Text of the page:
We're So Happy, We Could Scream!

The third annual OC Weekly Theater Awards

Approximately 200 productions graced, plagued and cluttered Orange County stages last year. So it's absolutely pointless and utterly impossible to pick the best performances and shows of the year, right?


Which is why for the third year, we have called to order the best and brightest of local theater for the OC Weekly Theater Awards. We polled the masses, we conducted exit interviews with theater patrons, we canvassed neighborhoods, and we reamed conductors-er, conducted reams of research to discover the most deserving productions. After all that failed to generate anything except a bunch of opinions-and really, who cares about those?-we resorted to the most accurate and scientific measure of determining qualitative worth: me.

Oh, sure, I asked the Weekly's dedicated reviewing staff for its insight, but these awards are ultimately bestowed upon the people and productions that most moved me.

This year, the Weekly deemed it necessary to expand the annual awards ceremonies. While past awards at Mark's Restaurant in Laguna Beach and Lucianna's in Dana Point were generous and warm and provided tasty cuisine, they're just not huge enough to contain the hordes crashing the theater-award gates.

So we moved the awards to a real theater-South Coast Repertory's Second Stage-got Twin Palms to cater, Memphis Soul Cafe to provide the beer and wine, and pursued the most charming, eloquent and downright handsome host this side of the Santa Ana River. And because Commie Girl was busy, the honor fell to me.

Last Monday evening, recipients and invited guests from all the professional, community, storefront and college theaters in the county assembled at SCR's Second Stage.

And the winners are . . .

Best New Play

Mystery Play, Garrett Omata, Actors' Playhouse

This could also be titled Biggest Tragedy of the Year. Omata, the 29-year-old playwright behind this compelling study of spiritual faith and temporal reality, killed himself months before the play was produced by Deep Yellow. His play was warm and human, deep and funny-convincing evidence that had he staved off his internal demons, he was destined for a successful career.

Best College Production

Cal State Fullerton, 1998 season

Name the CSUF show, and chances are a Weekly reviewer saw it and thought it excellent enough to put on his or her Best Of list. Whether it was Uncle Vanya directed by Dan Kern, My Married Friends directed by Todd Kulczyk, Measure for Measure directed by Dean Hess, or Blood Wedding by MFA student Monica Leite, the shows were universally wonderful. Critic Dave Barton tabbed My Married Friends as his favorite show of the season. So rather than choose among them, we grant them all a collective OC Weekly kiss.

Best Ensemble Acting

The Importance of Being Earnest, Hunger Artists

This show could just as easily have won an award for naughtiest and funniest revival of the year. Kelly Flynn directed a riotously funny cast punctuated by brilliant performances throughout. It was scandalous and scatological but also fascinatingly in-sync with playwright Oscar Wilde's rebelliously literate political and moral sensibilities.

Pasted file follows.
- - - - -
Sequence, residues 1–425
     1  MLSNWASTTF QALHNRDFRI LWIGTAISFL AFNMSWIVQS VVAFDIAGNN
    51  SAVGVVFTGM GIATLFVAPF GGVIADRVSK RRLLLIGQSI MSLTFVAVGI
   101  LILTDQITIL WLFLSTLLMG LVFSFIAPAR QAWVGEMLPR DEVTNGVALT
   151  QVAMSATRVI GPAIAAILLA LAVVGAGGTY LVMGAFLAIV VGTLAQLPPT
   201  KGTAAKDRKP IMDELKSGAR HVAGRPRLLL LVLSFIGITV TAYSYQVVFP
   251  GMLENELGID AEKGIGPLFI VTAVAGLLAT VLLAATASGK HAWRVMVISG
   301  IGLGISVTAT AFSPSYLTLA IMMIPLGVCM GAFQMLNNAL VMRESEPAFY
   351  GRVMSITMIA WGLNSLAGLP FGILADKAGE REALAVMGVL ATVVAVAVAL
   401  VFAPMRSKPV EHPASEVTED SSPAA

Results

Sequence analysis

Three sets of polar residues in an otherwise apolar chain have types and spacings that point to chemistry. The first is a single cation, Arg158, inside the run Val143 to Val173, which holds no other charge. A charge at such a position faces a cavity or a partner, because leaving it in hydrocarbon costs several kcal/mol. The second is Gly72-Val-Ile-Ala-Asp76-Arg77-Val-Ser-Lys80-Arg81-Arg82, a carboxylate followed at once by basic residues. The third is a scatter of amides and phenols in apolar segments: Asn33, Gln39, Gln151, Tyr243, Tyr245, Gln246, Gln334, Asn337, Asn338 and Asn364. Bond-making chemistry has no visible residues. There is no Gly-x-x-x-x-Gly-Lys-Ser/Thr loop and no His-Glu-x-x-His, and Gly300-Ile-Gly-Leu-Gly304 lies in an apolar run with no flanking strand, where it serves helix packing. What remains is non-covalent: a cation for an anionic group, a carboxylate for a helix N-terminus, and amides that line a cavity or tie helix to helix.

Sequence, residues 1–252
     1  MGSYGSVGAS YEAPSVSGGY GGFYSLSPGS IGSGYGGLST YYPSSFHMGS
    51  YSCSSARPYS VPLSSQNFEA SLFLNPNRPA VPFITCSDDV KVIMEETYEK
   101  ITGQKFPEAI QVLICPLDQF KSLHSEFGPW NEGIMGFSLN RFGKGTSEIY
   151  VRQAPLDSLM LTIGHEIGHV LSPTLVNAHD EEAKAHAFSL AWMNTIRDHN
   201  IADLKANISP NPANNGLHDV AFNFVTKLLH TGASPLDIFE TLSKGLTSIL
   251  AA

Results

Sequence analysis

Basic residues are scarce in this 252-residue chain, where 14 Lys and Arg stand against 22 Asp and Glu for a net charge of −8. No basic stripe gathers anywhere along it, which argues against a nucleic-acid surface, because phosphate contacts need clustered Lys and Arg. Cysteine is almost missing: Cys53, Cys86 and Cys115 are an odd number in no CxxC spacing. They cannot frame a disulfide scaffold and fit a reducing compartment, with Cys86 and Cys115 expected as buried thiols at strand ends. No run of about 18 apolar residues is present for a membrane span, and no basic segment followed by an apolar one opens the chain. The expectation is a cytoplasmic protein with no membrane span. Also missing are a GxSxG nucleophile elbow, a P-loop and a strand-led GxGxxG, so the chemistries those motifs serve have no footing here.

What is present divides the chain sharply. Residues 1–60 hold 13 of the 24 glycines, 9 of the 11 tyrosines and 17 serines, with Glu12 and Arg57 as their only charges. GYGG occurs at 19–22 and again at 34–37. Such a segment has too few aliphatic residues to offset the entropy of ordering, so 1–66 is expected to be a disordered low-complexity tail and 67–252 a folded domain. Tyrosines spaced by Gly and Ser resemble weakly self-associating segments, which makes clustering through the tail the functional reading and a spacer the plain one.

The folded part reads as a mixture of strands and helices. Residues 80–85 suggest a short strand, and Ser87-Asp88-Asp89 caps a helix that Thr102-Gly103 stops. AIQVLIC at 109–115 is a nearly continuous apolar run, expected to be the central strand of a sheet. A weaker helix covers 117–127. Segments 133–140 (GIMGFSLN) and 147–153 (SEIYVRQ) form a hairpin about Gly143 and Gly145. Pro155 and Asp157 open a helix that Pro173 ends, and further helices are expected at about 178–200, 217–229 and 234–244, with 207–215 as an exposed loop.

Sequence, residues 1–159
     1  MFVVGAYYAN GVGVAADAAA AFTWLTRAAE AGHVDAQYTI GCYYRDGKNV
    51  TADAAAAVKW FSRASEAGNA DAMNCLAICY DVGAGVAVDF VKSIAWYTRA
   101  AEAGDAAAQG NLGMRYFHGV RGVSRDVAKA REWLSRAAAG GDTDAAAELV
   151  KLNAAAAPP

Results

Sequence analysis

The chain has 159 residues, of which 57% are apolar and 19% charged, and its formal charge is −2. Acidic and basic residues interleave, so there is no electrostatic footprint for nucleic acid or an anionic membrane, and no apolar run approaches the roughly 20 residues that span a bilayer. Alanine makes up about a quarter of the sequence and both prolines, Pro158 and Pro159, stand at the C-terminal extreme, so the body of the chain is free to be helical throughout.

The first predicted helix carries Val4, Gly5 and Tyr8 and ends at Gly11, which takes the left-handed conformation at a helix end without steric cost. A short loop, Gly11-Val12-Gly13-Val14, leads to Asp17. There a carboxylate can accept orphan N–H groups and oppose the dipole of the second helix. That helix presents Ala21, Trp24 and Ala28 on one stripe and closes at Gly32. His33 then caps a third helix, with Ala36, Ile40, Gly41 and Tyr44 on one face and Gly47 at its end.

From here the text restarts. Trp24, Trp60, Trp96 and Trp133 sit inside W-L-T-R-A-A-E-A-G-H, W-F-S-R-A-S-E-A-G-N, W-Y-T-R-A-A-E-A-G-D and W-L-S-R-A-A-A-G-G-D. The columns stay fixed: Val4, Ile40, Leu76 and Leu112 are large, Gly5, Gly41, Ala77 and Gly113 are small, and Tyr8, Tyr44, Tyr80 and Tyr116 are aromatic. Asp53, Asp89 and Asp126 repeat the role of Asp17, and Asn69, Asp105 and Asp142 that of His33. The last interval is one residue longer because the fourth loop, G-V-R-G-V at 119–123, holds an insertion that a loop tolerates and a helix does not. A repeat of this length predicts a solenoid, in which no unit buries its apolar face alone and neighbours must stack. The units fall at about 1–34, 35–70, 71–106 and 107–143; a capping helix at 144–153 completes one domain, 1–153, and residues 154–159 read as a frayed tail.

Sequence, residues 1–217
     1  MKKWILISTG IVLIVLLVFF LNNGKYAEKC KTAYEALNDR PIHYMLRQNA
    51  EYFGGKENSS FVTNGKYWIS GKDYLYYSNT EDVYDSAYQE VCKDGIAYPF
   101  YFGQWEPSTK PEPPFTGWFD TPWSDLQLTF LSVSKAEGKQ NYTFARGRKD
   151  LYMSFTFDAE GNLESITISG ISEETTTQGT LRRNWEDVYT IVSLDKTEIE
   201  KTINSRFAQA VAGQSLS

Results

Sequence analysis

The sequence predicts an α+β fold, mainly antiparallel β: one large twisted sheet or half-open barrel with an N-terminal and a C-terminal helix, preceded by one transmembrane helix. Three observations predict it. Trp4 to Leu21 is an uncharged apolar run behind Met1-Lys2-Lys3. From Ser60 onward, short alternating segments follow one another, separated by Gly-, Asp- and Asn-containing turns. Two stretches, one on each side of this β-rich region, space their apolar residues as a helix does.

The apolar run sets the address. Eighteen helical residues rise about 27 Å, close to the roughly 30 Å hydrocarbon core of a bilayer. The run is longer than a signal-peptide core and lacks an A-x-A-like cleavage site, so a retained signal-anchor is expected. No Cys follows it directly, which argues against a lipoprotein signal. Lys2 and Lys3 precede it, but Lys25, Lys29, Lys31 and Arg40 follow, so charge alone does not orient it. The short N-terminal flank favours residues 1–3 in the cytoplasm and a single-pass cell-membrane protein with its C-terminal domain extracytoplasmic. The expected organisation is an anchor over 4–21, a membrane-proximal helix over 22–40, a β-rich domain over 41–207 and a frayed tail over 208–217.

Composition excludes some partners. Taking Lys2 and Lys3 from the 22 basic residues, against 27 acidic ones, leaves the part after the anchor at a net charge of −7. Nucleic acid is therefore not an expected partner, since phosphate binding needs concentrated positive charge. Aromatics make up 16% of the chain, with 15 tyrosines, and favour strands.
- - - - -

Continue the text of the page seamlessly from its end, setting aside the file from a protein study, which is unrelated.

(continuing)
Best Performance in a Supporting Role

Bill Mondy, Dimly Perceived Threats to the System, SCR

The role of the psychiatrist in Jon Klein's take on dysfunction in the contemporary American family is the through line between the characters who make up the fragmenting family unit at the play's center. Mondy played his character with verve and gusto, tossing in ample doses of surreal psychosis, manic energy and impeccable comic timing for good measure-all proof that he is a brilliant, physically fascinating actor.

Best Male Performance

Mark Coyan, The Metamorphosis, Hunger Artists

A guy who plays the lead role in a play about a man who turns into a bug can't help but turn in a terrific performance, but what actor would have the cojones to tackle it? Coyan was not only good, he was also fascinating and eerily human. Like the aforementioned Mondy, Coyan is a very physical actor: he's lithe, agile and a fearless risk taker. This performance proved it.

Honorable Mentions: Richard Doyle and Greg Stuhr, But Not for Me, SCR; Bob Wilkinson, Hospitality Suite, Changing Masks.

Best Female Performance

Carolyn Barnes, Sylvia, Laguna Playhouse

A woman who plays the lead role in a play about a woman who is actually a dog can't help but turn in a terrific performance, but Barnes was also funny, charming, smart, sexy and sympathetic. In short, she's everything a woman, a dog and a human can be. Hers was a rich, rewarding performance.

Honorable Mentions: Carla Harting, What the Butler Saw, SCR; Lynsey McLeod, Oleanna, SCR.

Best Direction

David Emmes, Arcadia, SCR

A richly textured, deeply nuanced production of perhaps the most complex and certainly the smartest play produced on a local stage this year. From his firm hand with actor portrayals to the absolutely gut-wrenching final image, Emmes clearly understood Stoppard's brilliant play and gave us an illuminating production.

Best Production Not Seen by Joel Beers

The Adding Machine, Grove Theater Center

I can't be everywhere, and I'm not so vain as to think that I never miss a terrific production. Among our staff, Brook Stowe convinced me that his favorite play of the season was the most worthy. "With its morphing set and swirling flash pots," Stowe says, "this highly theatrical revival by Kevin Cochran of Elmer Rice's seldom-produced 1923 Expressionistic drama about creeping obsolescence proved to be creepily relevant to this Information Age." Wish I'd seen it.

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